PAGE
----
Very helpful indeed. The trick is, I wanted to use the Data Visualization Checklist for research, to measure the quality of the graphs in my study, and it was not created for that. This meant that whatever I found from using the checklist in my research may not be valid. Also, I had no clue if the checklist was reliable. For instance, if two people used it to rate the same graph, would they use it in the same way? Dunno.

One way to learn if the Data Visualization Checklist measured the quality of visualizations was to see if people understood and used it for that purpose. So what, did I just sit down and ask people how they used the checklist to rate a graph? …Exactly! It’s called a cognitive interview and I did nine of them. A cognitive interview is structured to get at what’s inside people’s heads: “Walk me through you were thinking while you rated that item…” I used the interviews to see if people’s understanding of the checklist aligned with the underlying research on cognition used to create it. I had each person rate a graph, recorded them, analyzed it, and found – yup! folks saw each guideline in the checklist aided either the readability or interpretability of the graph. Woo-hoo! This finding was in line with the original grounding of the Data Visualization Checklist and research on cognition and design.

The great thing is the interviews not only gave insight into how people understood the Data Visualization Checklist, it also highlighted parts of the checklist which gave everyone a hard time. I analyzed those too and found all were related to ambiguous language in the guidelines. So, I talked to Stephanie to make sure I understood the guidelines well and created a training to tell people exactly how to read each one and use them to rate a graph. A training on how to use the Checklist?! Where can I find such a thing? Here. While you’re at it, take Stephanie’s interactive Data Visualization Checklist for a ride.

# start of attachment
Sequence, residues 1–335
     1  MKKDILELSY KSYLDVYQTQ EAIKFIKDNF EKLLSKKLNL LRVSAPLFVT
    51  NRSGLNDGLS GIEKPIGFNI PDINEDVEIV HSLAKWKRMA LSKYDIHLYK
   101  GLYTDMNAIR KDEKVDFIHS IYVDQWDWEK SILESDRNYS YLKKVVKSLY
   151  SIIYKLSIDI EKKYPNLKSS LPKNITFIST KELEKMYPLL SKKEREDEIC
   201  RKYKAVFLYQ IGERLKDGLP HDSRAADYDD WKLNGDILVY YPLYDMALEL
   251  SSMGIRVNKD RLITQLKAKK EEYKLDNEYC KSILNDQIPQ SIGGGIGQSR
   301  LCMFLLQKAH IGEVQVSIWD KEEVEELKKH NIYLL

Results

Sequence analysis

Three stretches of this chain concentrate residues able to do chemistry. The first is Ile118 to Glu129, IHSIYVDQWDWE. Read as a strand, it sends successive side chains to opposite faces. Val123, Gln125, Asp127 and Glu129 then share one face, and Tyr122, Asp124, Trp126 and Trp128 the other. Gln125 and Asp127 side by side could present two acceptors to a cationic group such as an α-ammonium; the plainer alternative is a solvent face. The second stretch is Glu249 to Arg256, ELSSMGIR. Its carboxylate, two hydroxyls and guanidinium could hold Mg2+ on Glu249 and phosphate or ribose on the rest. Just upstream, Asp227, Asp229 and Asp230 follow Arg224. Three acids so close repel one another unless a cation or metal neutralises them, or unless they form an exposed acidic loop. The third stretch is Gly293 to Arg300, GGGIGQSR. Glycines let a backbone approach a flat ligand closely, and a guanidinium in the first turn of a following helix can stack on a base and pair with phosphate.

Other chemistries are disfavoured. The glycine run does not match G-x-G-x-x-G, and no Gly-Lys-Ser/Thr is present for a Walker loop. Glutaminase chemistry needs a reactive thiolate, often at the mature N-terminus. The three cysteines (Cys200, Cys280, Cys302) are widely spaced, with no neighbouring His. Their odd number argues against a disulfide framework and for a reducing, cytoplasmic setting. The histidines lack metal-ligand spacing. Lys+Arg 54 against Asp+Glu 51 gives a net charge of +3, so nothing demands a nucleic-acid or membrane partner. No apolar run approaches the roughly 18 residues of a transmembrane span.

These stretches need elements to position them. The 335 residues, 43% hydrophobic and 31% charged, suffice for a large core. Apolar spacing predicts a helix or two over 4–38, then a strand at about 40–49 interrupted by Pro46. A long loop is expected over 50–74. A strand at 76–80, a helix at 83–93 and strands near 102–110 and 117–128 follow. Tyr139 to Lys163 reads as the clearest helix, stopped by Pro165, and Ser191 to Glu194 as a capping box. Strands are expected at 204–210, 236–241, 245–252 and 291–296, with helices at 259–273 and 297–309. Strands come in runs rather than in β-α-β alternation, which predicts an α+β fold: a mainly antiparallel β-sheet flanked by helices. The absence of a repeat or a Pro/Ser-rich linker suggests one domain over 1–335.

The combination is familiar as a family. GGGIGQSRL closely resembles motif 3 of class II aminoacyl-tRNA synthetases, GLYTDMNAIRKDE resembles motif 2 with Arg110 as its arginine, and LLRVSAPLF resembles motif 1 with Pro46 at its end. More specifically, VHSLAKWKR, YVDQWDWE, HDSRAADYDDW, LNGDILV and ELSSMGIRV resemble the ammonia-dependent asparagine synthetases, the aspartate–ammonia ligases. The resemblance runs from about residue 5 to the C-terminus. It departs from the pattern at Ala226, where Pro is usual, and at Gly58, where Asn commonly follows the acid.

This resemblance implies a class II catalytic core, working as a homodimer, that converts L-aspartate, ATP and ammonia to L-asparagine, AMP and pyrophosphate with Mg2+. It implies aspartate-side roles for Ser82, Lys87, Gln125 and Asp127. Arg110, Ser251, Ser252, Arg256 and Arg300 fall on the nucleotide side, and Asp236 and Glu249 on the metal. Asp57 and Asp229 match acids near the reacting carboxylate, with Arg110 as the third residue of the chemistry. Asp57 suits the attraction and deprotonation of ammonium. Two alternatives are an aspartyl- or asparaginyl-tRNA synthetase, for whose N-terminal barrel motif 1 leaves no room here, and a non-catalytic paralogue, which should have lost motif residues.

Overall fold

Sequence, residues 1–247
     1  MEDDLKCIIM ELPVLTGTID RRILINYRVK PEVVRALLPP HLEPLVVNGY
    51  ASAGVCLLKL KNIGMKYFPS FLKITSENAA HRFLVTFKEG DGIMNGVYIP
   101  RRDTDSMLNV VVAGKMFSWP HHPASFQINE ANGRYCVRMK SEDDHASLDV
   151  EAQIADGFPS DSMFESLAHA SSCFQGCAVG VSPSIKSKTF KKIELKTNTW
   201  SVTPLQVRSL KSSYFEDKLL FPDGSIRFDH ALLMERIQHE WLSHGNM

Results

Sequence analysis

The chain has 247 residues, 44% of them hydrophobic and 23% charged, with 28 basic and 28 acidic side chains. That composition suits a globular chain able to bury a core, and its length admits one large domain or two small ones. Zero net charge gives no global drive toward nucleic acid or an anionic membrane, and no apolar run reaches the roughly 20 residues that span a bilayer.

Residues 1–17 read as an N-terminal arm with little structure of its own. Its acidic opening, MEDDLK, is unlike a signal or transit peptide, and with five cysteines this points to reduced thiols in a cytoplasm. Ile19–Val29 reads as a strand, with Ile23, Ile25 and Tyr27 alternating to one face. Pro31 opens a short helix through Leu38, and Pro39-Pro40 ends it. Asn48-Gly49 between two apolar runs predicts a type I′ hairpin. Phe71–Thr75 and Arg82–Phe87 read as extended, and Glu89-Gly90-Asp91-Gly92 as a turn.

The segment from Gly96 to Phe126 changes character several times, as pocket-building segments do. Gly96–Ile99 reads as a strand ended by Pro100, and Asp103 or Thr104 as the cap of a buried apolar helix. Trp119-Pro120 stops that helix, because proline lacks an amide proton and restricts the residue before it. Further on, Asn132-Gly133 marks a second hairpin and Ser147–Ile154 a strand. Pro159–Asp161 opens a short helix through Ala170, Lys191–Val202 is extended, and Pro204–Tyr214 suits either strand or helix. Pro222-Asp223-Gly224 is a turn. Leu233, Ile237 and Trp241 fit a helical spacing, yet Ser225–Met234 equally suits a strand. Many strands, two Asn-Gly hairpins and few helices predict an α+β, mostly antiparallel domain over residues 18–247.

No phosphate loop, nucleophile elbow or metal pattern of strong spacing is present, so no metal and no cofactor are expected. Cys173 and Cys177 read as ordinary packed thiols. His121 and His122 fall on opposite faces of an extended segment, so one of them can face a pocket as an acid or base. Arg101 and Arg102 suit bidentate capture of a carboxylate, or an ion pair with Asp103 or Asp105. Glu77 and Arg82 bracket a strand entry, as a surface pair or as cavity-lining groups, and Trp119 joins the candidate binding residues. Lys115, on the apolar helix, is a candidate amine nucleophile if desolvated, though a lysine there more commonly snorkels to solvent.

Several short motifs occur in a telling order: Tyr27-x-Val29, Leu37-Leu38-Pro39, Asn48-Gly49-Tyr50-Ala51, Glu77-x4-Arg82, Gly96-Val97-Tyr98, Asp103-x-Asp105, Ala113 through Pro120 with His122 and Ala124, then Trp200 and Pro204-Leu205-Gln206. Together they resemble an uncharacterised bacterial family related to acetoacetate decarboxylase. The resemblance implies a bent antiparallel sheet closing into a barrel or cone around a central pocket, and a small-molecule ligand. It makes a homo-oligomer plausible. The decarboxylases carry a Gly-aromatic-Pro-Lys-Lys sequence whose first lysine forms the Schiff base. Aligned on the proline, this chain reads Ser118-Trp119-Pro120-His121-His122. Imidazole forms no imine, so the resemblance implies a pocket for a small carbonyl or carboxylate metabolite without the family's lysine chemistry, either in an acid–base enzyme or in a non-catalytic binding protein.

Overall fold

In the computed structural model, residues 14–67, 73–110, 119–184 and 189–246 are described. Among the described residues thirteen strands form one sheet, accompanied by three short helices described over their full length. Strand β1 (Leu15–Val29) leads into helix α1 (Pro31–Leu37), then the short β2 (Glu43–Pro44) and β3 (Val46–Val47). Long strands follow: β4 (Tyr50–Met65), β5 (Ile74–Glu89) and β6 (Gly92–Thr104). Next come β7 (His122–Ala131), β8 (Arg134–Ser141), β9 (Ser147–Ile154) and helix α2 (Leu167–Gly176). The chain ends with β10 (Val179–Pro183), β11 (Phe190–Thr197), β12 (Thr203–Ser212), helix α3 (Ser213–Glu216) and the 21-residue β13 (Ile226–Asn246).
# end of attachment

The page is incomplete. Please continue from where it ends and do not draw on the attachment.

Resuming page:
Okay, evidence the Data Visualization Checklist measures data quality? Check! Next, I needed to see if it was reliable. Did people use it in the same way so we can trust scores from different raters? Time for the stats! A group of lovely humans volunteered to rate a ton of graphs for my study. Fourteen of those beautiful souls rated the same five graphs and I was able to compare their scores to check interrater reliability – that idea of people applying the checklist to rate graphs in roughly the same way. I used an Intraclass Correlation (ICC) and did a two-way consistency average measures ICC with mixed effects. What?! Basically, I was looking if, on average, a group of raters scored a random selection of graphs in the same way. The result was 0.87 which is considered good interrater reliability (Koo & Li, 2016) and basically means that 87% of the differences in how people scored the graphs were due to the checklist. In plain language, the Data Visualization Checklist (when used in combination with the rater training) is reliable.

The Data Visualization Checklist was not created for research. It was made so that you and I could use it to make our own graphs better (thank the heavens!). But wait!…There’s more! My research generated evidence that the checklist is also a solid measure of data visualization quality and not only that – it’s a reliable one.

This brings us back to the main point. Even though I didn’t find a direct connection between the use and quality of data visualizations and use of reports, I did find that reports more like advocacy research were used more and we don’t know exactly why that is. So, I’m closing with a challenge. You love data visualizations, that’s why you’re reading this blog. And I know you care, or believe that good visualizations make a difference, otherwise you wouldn’t bother making your graphs as good as they can be… But, a lot more research is needed.

Need a research idea? My crew of volunteer raters and I used the Data Visualization Checklist to rate over 1,000 graphs in hundreds of reports but what I didn’t write about in my findings was this weird thing I noticed: Most did not promote a take-away message, which seems like a main point of the checklist. So here is my new question for all of us: When making good graphs, are some design elements more important than others?

Email me your comments and questions about this study or your ideas for other research on data visualizations.

Brandon, P. R., & Singh, J. M. (2009). The strength of the methodological warrants for the findings of research on program evaluation use. American Journal of Evaluation, 30(2), 123–157.

Koo, T. K., & Li, M. Y. (2016). A guideline of selecting and reporting intraclass correlation coefficients for reliability research. Journal of Chiropractic Medicine, 15(2), 155–163.

Journey Maps

Stephanie’s Note: This blog post, guest authored by Evergreen Data Senior Associate Jenny Lyons, is part of our ongoing effort to identify, explore, and popularize qualitative data visualization possibilities. See our collection of qualitative viz options here